But like in the Netflix, for example, he's just missed what the, why Amazon is doing that. The reason Amazon will make a loss on a business that sells you food because they know everything about you at that point and they've collected data that is worth more than the entire UK supermarkets profits put together because you look in your shopping basket, they know everything. They know if you're buying pregnancy tests, if you are the vitamins you're taking. So I think I think there's a lot of people that don't understand how powerful data is in that future. And I think to link in with Meir's point, I think there's so much data that you can start to use to think about, right, how do we create this new future work like that. I didn't, I didn't know if that was an actual slogan they used like unbossed. But that is we see that so much in the data that that really good people, that's just what they want. They just want to know what the what it is you want to achieve. Then they want to be left alone to do it and then go back and when they need someone to help with. And so there's just so much data out there that's just being ignored.
Yeah, definitely, and I think the situation has probably caused HR Departments maybe to speak less to their employees. I think we were discussing this earlier in the week. They're almost they already know what the answer is going to be. So they're trying not to speak so much to their employees. But in fact, what we've seen at Onalytica and what I've heard with a of your businesses as well is that employees are responding a lot more than they ever were before to being surveyed. They want to get there and they want to get the word out there. So this is a really important time to really be listening. So what have you found with that?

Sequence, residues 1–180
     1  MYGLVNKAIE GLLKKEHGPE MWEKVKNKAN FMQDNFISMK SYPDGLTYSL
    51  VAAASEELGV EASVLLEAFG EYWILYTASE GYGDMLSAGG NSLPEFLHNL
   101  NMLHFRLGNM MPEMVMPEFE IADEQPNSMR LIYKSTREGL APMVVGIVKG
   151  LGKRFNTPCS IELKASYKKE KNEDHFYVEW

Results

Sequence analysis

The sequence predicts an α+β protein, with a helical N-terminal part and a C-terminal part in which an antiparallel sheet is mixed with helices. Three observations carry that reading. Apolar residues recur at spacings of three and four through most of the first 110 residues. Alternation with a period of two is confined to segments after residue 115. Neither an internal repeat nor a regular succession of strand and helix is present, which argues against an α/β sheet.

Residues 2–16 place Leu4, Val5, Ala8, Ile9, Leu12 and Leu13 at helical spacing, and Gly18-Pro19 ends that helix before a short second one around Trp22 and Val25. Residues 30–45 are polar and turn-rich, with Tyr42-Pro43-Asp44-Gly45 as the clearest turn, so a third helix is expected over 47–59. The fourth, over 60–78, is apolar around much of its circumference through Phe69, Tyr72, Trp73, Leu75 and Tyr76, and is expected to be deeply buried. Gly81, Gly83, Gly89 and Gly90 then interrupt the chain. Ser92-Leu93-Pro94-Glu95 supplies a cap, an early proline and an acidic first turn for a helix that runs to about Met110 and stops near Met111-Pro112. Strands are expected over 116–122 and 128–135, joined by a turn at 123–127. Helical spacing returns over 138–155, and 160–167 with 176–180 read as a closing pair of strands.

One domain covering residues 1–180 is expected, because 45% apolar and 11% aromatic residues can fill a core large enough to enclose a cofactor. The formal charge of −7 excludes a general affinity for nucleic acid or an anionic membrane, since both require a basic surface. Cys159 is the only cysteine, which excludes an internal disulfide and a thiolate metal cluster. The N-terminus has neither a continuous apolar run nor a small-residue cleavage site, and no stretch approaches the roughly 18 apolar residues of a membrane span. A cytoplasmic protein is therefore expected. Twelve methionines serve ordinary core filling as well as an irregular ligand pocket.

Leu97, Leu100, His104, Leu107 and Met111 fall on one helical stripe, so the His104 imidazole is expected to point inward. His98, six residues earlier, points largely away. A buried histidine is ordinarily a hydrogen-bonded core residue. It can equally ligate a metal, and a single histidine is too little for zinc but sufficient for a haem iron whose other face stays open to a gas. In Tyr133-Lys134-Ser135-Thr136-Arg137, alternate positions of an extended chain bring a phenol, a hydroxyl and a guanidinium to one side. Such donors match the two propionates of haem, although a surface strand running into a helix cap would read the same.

I guess from from where we are supporting clients, so health and well-being is always been like really important for me sort of 20 years now and we've been bringing in employee assistance programs. So this is in my previous previous corporate roles, employee assistance programs. Before they were a thing, before health and well-being was called health and well-being. It's just kind of caring for people. And I was always really, really passionate about that. And I was really lucky to find great organisations that shared that, too. And one of them being in a very large organisation that's very successful now and has just come back to Matt's point, has just confirmed incredible takings throughout the summer period so that that's going to workshop incidently. So was I was in a great environment where that was what encouraged that we look after people from your perspective, but then just overall, there was a great camaraderie in the business. And so I guess that's that's completely stayed with me. That's formed my that's how HR looks after people full stop and sort of working through various organisations is not always the same, you know? And I think what COVID has really done, so the pandemic is really brought through those organisations that really genuinely want to invest in health and wellbeing initiatives. So, for example, employee assistance programs where currently the waitlist for direct counseling through the NHS in the UK is probably about six months, could be longer now. Private counselling is probably up to a hundred pounds an hour, whereas if you have an employee assistance program with face-to-face counselling and within a few days, matter of days, you in structured previously was face to face, but it's now obviously kind of Zoom, online and face to face counselling structured sessions. So we've seen a huge increase in those kind of services being used. We've seen an increase also in managers needing support for themselves.